Competition Bill set to boost workload; fifteen new staff needed to keep up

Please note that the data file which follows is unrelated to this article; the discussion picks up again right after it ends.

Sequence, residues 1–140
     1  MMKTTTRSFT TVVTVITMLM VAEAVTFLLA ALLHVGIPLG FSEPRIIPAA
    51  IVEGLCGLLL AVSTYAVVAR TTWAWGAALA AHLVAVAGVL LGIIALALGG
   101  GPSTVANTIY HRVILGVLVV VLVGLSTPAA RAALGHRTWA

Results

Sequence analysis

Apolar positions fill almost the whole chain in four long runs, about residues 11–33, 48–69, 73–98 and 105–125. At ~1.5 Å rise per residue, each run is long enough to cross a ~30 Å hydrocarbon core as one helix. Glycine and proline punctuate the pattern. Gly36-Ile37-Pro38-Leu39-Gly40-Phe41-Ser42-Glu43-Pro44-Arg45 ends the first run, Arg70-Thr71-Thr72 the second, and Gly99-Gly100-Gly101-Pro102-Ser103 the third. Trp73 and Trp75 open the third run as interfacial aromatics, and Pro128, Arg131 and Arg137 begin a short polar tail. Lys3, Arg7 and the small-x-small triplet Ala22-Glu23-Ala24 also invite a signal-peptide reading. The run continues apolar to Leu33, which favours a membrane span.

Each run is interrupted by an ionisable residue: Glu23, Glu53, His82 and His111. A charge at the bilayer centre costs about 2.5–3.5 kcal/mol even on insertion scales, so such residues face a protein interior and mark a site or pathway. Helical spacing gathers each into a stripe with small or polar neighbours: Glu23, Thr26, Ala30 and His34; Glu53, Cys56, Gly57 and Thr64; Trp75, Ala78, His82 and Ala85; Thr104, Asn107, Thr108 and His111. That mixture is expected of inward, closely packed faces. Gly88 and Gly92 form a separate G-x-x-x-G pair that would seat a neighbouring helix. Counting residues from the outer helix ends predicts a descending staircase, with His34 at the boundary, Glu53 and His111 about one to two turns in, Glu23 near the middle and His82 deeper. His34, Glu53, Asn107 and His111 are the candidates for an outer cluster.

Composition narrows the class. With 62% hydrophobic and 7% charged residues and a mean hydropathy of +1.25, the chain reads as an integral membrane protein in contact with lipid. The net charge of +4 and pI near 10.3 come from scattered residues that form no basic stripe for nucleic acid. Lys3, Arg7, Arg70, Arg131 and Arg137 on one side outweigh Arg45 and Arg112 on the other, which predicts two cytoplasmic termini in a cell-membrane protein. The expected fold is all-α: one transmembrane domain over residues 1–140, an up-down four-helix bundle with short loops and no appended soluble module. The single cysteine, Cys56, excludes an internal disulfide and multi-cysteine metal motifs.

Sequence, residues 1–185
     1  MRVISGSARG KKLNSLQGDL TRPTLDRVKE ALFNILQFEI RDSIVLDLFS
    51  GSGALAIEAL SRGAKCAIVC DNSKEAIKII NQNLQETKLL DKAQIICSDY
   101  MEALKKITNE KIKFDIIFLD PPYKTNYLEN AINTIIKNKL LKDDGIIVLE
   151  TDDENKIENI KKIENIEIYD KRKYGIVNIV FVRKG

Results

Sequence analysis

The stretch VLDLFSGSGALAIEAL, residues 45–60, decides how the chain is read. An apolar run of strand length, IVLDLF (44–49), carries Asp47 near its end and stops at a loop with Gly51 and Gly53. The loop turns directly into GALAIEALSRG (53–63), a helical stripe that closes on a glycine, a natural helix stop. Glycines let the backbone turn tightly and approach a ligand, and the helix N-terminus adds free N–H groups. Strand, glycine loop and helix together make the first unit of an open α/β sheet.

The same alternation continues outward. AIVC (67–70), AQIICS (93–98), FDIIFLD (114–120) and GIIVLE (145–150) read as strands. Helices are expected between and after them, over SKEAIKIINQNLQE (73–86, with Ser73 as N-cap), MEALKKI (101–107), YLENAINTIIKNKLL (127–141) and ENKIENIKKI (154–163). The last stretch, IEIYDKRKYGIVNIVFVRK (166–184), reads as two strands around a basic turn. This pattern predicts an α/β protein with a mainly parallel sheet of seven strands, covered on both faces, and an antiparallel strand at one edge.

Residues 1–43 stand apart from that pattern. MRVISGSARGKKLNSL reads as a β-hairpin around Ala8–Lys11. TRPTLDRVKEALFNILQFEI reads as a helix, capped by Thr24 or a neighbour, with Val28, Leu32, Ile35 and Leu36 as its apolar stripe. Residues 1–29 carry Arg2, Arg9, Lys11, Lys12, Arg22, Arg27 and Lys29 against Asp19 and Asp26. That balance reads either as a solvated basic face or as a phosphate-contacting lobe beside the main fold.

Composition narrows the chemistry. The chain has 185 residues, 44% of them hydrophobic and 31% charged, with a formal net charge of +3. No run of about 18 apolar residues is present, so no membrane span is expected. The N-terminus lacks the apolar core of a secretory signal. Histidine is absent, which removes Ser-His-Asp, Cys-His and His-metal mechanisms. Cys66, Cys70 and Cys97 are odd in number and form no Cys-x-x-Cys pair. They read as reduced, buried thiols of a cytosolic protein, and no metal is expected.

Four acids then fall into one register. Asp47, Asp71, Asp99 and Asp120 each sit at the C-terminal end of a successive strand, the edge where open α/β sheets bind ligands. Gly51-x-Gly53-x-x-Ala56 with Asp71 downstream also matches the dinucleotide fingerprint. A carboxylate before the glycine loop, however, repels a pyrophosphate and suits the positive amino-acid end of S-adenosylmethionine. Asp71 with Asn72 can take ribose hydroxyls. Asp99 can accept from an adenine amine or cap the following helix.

The Irish Competition Authority (ICA) intends this year to increase its staff level by one-third at a time of growth for the authority in both competition legislation and power. The authority has been hit by a rapid turnover of staff, which reached its peak in 2000 when departures totalled 75 per cent of its overall staff. Recruitment and retention of personnel is said to be the ICA's biggest problem. The extra staff will be essential for coping with a predicted rapid rise in work arising out of Ireland's new Competition Bill, which is expected to be enacted in the spring. This bill encompasses Sections 81 and 82 of the European Commission Competition Treaty, as well as giving the authority the function of reviewing mergers and acquisitions, which is currently carried out by the Minister for Enterprise, Trade and Employment. The ICA has unveiled a strategic plan containing the proposals for an increase in staff - from 29 to 55 - during 2002. A report detailing the authority's plans states that it has been "influenced by the need to anticipate and prepare for possible new functions". The decision to hire 15 more staff followed a consultation with Deloitte & Touche. The ICA's budget has almost doubled in 2002, from k1.8m (£1.1m) last year to k3.2m (£2m), to help it to reach its targets. In the report, the ICA concedes that it has had difficulties competing with private sector salaries, which could go some way to explaining the high turnover of staff. It plans to combat this by introducing staff training and development programmes, including a tie-up with the Garda Training College at Templemore in County Tipperary. The report also states that the ICA will focus on maximising enforcement and compliance with competition law and promoting understanding of competition law in regions where it is lacking.